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Cuba blows the whistle on Iranian jamming
By Safa Haeri

The Islamic Republic of Iran might lose one of its very few friends in the world, Cuba, which, according to American officials, has officially informed them that the Iranian embassy in Havana was the source of jamming programs send out by US-based Iranian radio and television stations aimed at mainland Iran.

The jamming related to Telestar-12, a commercial communications satellite orbiting at 15 degrees west, 22,000 miles above the Atlantic, which carries programs by the American government as well as by Iranian radio and television stations based in the US aimed at mainland Iran. The interference began on July 16, coinciding with the start of a new wave of pro-democracy protests led by Iranian students in Tehran against the country's clerical leaders.

At first, it was believed that the Cuban government, acting on demands from Iran's ayatollahs, was jamming the US government and private Persian-language radio and TV broadcasts into Iran, as the stations, based mostly in Los Angeles, had attracted an impressive popularity within Iran.

Satellite-broadcasting experts said at the time that since Tehran could not jam the Telstar-12, due to its stationary position, it made the request for friendly Cuba to do it instead.

But on Wednesday a spokeswoman for the US State Department said that Havana had informed them that the jamming was made by the Iranians in Cuba, using a compound in a suburb of the capital belonging to the Iranian embassy.

According to a source, the Cubans have now shut down the facility and presented a protest note to the Iranian government in Tehran, and the jamming stopped earlier this month. "Cuba informed us on August 3 that they had located the source of the interference and had taken action to stop it," Jo-Anne Prokopowicz of the State Department said.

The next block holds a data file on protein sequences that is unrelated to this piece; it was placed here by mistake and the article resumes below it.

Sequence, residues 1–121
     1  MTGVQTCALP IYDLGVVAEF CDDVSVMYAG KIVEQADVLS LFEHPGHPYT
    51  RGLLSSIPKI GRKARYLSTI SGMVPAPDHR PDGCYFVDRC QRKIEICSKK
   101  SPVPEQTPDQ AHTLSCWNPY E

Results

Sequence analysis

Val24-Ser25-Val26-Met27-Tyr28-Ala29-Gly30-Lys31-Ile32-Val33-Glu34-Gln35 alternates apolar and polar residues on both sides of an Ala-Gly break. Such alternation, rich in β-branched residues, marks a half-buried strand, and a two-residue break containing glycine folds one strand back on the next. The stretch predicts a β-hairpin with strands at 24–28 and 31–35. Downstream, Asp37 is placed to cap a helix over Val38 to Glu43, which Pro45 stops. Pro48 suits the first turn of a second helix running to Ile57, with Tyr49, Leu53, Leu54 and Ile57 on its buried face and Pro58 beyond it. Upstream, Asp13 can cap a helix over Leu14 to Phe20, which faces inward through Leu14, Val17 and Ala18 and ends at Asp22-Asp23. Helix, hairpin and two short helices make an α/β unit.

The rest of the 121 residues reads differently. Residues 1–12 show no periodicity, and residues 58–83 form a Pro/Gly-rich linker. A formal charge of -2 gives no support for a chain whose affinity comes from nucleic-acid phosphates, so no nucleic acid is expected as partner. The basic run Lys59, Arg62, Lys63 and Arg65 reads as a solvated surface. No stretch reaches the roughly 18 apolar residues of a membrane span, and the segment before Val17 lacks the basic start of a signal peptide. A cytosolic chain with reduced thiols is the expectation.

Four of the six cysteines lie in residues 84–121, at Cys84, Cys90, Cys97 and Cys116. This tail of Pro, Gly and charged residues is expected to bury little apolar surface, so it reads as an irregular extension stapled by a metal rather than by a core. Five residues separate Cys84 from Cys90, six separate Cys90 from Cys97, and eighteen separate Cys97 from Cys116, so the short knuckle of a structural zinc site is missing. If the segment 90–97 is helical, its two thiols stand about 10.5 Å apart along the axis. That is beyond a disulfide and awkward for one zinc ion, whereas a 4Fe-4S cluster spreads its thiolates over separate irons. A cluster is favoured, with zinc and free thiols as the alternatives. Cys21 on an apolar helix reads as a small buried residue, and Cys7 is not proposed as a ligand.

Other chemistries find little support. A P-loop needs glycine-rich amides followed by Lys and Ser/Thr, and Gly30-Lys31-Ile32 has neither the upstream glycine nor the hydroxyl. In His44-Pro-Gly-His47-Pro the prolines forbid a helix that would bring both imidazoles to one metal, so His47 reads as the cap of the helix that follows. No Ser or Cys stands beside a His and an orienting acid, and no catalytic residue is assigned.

"The government of Cuba informed us that the interference was coming from an Iranian diplomatic facility," she said, adding, "We will be following this up with Iran."

After denying that it was responsible for the jamming but pledging to investigate the US complaints in mid-July, Cuba told the US that it had found the source and that it had acted to stop it, she said.

The news surprised many Iranian observers, doubting Cuban leader Fidel Castro's "innocence" in the affair. "Being a fully police state, it is difficult to believe that the Iranians had introduced the sophisticated jamming equipment into Cuba without the knowledge of the Cuban authorities," Dr Shahin Fatemi, a veteran Iranian political analyst, told The Asia Times Online.

Noting that both Iran and the Marxist regime of Cuba shared the "same mutual hate" towards Washington, Fatemi, who teaches international economics at the American University of Paris, added, however, that if the information is correct, then it must be welcomed by all Iranians opposed to the present theocracy.

In his view, the Cuban decision could also be viewed as a signal from Castro to the Bush administration, which has labelled Iran as a part of an "axis of evil" along with North Korea and Iraq under Saddam Hussein.

According to Alireza Meybodi, a popular radio broadcaster at Radio Yaran in Los Angeles, Iranian authorities gave in the past jammed foreign broadcasts locally (in Iran) with mobile equipment bought from Russia, while using more sophisticated means installed in Cuba as well.

"This is quite obvious when we announce some of our programs beforehand, like one very recently concerning an interview with Hojjatoleslam Hoseyn Khomeini, the grandson of Ayatollah Khomeini, which was filled with locally-produced parasite [interference]," he indicated, adding that most of the foreign-based radio and television stations could be seen normally outside the capital Tehran.

About a dozen of Persian-language television and radio stations, run by Iranians opposed to the present Iranian regime, are beamed towards Iran, where a majority of the 70 million inhabitants is made of men and women under the age of 30, thirsty for modern entertainment programs - and news.

Though the regime has banned satellite dishes, it is estimated that more than 2 million households, using small and easily concealed equipment, receive the programs.

At the time of last month's student protests, Iran said that the US broadcasts into the country were interference in its internal affairs, and accused the US-based Iranian opposition of inflaming the unrest.

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